Museum Exhibit Explores Transformative Power of California Disasters

By February 27, 2024Press Releases

LOS ALTOS, CA (Feb 27, 2024) Four years ago on March 14, citizens of California received word to shelter in place due to the spread of COVID-19. That experience demonstrated how quickly epidemics can affect our daily lives. The impact of natural and manmade disasters is the subject of Los Altos History Museum’s new exhibit titled From Earthquakes to Epidemics: How Disasters Transform California’s People and Places.” The exhibit, on view from March 14, 2024 to May 12, 2024, examines major events in California’s history and how disasters have inspired positive changes within our communities.


“As we witness a growing number of natural disasters, it became important to shed light on the broader implications,” said Exhibits Specialist Jordan Grealish. “This extends not only to epidemics but also to the evolving world around us.”


The exhibit explores historic droughts, earthquakes, wildfires, floods, and pandemics in California, addressing the frequency and intensity due to the acceleration of climate change. Using art, history, and science, it gives context to the impacts of recent and historic disasters in the Golden State.


Despite challenges, disasters also serve as catalysts for societal reform, inspiring positive changes. The exhibit highlights developments in public health policies, emergency preparedness plans, and ongoing environmental and social advocacy efforts, showcasing Californians’ resilience and determination to create a better future. The Museum hopes that visitors will leave the exhibit feeling inspired and empowered to take action in their own communities.


“We need to prepare for disasters, but also foster a sense of community, because the best way to get through things like this is by working together,” said Grealish.


In response to the COVID pandemic, the Museum began collecting artifacts and materials from the community, capturing people’s experiences. Many of these items, including painted rocks, oral histories, and the evolution of masks, will be on display.


The exhibit also delves into the often-overlooked stories of Californians significantly affected by disasters due to factors like location, socioeconomic status, and race. Examples, such as the fight to save San Francisco’s Chinatown following the 1906 Earthquake and the East Porterville drought leaving low-income families without running water, illustrate how disasters uniquely impact marginalized communities.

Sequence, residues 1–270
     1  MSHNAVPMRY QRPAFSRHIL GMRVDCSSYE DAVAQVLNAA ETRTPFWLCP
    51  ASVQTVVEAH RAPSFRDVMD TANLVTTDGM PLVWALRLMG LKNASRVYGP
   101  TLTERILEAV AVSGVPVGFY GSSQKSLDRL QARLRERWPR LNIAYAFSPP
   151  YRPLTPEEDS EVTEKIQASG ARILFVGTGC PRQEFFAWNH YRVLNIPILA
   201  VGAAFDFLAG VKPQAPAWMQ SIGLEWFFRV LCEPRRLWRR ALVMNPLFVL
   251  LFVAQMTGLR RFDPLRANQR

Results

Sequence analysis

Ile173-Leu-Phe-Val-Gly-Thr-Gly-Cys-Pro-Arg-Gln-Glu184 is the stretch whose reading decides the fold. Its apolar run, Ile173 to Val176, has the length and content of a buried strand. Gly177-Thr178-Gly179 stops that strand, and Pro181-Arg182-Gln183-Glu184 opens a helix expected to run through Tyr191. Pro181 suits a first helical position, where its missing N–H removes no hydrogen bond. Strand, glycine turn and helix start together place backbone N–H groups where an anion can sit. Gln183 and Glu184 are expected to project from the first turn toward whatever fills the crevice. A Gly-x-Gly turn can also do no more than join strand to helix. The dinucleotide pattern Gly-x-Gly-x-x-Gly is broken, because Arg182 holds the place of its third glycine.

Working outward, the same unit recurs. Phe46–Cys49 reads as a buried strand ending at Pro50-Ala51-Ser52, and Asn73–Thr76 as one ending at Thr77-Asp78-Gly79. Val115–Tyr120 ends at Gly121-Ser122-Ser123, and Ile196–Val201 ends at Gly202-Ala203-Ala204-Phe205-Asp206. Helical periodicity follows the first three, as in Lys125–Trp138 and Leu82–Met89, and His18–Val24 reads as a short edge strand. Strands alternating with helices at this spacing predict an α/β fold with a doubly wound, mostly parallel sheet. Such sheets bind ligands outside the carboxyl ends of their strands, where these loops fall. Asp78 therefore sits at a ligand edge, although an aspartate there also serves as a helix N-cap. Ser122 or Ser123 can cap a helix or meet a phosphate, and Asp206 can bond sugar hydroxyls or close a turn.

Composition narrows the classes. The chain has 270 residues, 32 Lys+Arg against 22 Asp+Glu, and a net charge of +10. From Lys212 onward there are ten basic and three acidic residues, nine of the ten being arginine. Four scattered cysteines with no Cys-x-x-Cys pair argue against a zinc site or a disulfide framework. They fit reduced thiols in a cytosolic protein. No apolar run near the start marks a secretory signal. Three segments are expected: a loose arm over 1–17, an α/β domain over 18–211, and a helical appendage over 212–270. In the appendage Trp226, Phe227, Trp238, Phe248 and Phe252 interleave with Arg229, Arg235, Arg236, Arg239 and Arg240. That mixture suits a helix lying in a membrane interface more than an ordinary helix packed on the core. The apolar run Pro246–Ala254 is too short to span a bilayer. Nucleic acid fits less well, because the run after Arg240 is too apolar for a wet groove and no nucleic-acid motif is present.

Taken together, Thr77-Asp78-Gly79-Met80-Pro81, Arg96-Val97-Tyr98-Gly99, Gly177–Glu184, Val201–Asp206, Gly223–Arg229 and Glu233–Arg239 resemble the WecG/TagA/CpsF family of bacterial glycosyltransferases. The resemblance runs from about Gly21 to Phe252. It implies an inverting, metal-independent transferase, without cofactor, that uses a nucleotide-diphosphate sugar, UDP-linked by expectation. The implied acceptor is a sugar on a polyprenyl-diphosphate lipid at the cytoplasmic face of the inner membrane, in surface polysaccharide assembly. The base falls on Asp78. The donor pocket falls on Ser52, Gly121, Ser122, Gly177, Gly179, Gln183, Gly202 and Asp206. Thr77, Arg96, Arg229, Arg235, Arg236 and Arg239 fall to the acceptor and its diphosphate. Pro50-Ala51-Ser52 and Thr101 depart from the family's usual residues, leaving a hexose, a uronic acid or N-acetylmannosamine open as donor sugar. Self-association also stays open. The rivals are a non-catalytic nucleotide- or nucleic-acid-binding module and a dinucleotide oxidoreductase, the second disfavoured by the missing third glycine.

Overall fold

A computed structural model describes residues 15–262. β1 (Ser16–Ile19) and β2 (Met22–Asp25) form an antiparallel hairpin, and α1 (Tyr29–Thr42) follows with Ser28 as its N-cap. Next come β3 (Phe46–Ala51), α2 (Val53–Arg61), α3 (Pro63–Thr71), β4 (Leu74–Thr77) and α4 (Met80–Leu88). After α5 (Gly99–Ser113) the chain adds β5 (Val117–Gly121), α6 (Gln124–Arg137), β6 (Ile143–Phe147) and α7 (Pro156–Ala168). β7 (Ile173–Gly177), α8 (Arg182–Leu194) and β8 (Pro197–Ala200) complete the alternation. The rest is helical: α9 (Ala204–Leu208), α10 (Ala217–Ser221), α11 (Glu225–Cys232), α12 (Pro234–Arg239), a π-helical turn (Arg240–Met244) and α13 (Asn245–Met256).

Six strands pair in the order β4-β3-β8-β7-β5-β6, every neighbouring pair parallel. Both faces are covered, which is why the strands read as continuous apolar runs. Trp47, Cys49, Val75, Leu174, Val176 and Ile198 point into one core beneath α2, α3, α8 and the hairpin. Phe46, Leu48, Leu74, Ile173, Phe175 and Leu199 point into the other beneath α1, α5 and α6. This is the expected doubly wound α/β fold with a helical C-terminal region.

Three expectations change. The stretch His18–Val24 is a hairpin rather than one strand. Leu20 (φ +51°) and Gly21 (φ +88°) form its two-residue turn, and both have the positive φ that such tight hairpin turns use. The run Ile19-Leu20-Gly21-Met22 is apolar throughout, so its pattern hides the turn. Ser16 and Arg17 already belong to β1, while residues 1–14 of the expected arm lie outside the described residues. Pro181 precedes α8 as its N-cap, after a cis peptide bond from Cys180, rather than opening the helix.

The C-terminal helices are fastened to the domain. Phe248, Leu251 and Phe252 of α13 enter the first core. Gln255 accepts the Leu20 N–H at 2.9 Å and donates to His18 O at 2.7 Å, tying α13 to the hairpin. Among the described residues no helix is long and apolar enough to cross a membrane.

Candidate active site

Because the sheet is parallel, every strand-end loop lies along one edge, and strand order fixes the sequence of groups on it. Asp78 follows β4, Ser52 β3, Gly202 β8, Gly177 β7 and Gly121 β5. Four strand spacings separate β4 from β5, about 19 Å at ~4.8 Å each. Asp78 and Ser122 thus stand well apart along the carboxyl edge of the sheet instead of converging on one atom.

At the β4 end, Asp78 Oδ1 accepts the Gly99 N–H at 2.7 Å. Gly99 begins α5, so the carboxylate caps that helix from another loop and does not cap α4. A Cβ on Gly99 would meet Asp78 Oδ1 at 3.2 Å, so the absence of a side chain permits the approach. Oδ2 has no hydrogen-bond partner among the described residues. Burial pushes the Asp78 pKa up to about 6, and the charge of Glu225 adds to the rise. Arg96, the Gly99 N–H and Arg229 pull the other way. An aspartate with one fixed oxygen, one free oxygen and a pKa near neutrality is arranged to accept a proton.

Programs related to the exhibit include:


Understanding Silicon Valley’s Workforce Issues: A Conversation with Reporter Ethan Baron,” a discussion with Museum Teen Docents on how the COVID-19 pandemic and the rise in H-1B visas have caused changes in our local economy. March 21, 5:30-7pm.


The Los Altos Story: The Impact of the Rotary AIDS Project,” a screening of The Rotary Club of Los Altos’ Peabody Award-winning film “The Los Altos Story,” highlighting the club’s efforts to spread awareness about the AIDS crisis. April 18, 5:30-7pm.


Admission for each program is $15/person, and registration is required through the Museum’s website.


“From Earthquakes to Epidemics” is a traveling exhibition from Exhibit Envoy and has been made possible in part by the National Endowment for the Humanities: Democracy demands wisdom. Any views, findings, conclusions, or recommendations expressed in this exhibition do not necessarily represent those of the National Endowment for the Humanities. Local presentation of this exhibition is sponsored by the Rotary Club of Los Altos in celebration of its 75th anniversary and its work tackling global epidemics.


To learn more about the exhibit, visit


Los Altos History Museum began in 1977 with the opening of the historic J. Gilbert Smith House, built in 1905 on 14+ acres of apricot orchards planted by Mr. Smith. In 2001, Los Altos History Museum opened the modern building next door, which houses the Museum’s collections, permanent and changing exhibitsstore and administrative offices. The Museum and its grounds are available for rent during evenings and weekends. Its collections are owned by the City of Los Altos and are managed by an independent nonprofit organization, whose staff and volunteers are responsible for all programs and operations.


The Museum is open Thursday through Sunday, from noon-4pm. Admission is free. Tours of the J. Gilbert Smith House are available during open hours. The outdoor agricultural exhibit, gardens and picnic area are accessible beyond Museum hours. For more information, visit:, email, or phone 650.948.9427 x14.


Los Altos History Museum: Elisabeth I. Ward, 650.948.9427 x10,